Here's why the mainstream press hates blogs: the bloggers do their research better than the journalists.
The Monk worked as a journalist back in the day for one of the best college newspapers in the country. If that sounds like so much BS, it's not. The difference between high school journalism and college journalism is vast. And the college paper I worked on was wholly independent of both its university and any student funding. But I also know how lazy journalists can be: from failing to properly state the score of the football game you covered (one of my colleagues) to failing to spell-check headlines to failing to dig past the first person available for the press after city council or student government meetings, the press fails to dig deep. Worse, it fails to do its research.
Case in point, as shown on the Balloon-Juice blog and on the Kerry Spot on National Review Online (see 1:23 p.m. and 9:10 a.m. entries): the national media is under some delusion that Democrats never questioned a Republican presidential candidate's war heroism the way the Republicans have cast doubt on Kerry.
As Balloon Juice (link supra shows, the Boston Globe had a what if: "IMAGINE IF supporters of Bill Clinton had tried in 1996 to besmirch the military record of his opponent, Bob Dole . . ."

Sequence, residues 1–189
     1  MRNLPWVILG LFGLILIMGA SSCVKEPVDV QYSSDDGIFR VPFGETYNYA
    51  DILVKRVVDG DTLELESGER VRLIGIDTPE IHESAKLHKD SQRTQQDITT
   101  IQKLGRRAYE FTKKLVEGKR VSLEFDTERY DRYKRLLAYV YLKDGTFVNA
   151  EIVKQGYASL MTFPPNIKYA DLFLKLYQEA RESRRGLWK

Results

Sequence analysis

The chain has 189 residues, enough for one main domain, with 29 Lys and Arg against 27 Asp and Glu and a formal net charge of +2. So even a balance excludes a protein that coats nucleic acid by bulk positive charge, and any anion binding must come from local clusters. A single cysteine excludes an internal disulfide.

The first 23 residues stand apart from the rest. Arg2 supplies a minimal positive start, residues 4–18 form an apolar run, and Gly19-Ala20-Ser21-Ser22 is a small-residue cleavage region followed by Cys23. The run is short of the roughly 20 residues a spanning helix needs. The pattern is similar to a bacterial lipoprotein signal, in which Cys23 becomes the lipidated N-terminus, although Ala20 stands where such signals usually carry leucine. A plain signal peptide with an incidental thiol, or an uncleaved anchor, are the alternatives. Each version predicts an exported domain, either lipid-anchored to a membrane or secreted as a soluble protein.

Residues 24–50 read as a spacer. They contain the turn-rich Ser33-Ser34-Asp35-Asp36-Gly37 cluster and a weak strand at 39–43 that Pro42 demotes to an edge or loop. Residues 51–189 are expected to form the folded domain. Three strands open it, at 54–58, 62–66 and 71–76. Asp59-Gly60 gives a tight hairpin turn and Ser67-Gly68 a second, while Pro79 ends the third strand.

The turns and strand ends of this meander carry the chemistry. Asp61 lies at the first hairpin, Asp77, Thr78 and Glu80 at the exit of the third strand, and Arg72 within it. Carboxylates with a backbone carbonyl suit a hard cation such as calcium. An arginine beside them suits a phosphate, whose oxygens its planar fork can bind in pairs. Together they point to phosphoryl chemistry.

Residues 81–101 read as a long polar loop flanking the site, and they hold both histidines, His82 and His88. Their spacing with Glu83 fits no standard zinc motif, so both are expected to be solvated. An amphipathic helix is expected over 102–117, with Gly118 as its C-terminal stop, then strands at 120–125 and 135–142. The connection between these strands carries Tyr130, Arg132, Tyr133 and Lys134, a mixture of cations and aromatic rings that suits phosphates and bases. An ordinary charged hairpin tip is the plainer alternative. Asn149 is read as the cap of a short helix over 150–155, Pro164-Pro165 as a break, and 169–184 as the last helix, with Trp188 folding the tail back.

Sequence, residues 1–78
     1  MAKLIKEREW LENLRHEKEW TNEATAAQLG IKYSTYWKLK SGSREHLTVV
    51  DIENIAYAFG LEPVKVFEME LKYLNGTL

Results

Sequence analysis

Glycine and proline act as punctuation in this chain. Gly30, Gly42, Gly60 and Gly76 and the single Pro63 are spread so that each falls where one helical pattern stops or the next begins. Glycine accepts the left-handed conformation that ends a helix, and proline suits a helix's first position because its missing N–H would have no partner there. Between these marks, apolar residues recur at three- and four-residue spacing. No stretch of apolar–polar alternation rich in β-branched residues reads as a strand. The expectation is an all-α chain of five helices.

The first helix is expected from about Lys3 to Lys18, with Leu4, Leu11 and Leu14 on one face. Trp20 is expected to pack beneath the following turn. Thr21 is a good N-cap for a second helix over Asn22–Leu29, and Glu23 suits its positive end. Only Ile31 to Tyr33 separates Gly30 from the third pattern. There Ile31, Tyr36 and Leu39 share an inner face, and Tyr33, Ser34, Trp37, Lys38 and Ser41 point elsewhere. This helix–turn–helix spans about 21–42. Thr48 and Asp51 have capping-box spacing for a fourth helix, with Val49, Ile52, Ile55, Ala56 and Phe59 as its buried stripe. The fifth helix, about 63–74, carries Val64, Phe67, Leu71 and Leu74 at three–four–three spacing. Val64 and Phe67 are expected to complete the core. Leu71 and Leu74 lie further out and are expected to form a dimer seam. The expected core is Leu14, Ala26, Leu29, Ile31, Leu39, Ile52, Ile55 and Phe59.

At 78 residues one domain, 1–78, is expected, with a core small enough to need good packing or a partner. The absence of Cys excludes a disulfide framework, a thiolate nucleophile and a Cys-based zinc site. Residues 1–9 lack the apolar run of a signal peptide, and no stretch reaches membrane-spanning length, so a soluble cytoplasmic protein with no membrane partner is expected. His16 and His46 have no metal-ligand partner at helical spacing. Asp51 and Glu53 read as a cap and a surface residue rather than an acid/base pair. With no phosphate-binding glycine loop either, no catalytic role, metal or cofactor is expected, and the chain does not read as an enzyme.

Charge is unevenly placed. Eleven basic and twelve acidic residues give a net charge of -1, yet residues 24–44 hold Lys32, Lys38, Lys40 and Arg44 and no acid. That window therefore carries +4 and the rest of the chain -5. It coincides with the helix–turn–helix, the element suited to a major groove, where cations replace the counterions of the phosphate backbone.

But there's no reason to "imagine," just check out an old copy of The Nation. Or see the hatchet job Sid Blumenthal tried to do against Bush-41 (see the Kerry Spot link cited above). Blumenthal based his "legitimate questions" surrounding Bush's heroism on the accounts of one man, not 250+ vets. Thus, as Kerry Spot blogger Jim Geraghty says:
Now, one can believe that Sid Blumenthal's article, citing Mierzejewski and some differing versions of Bush's story raises legitimate questions about the former president. And one can believe that the Swift Boat Vets for Truth, all 264 of them and their sworn affidavits, along with Kerry's Christmas in Cambodia story, raise legitimate questions about Kerry. But it is hard to contend that the former is legitimate hard-nosed journalism while the latter is just a smear campaign.
The Boston Globe not only has its own archives, but has access to the 'Net, the Nexis database and the NY Times archives (same company owns both). So why are the editorial page editors so lazy that they bring up these "what if" scenarios without checking to see if they actually occurred?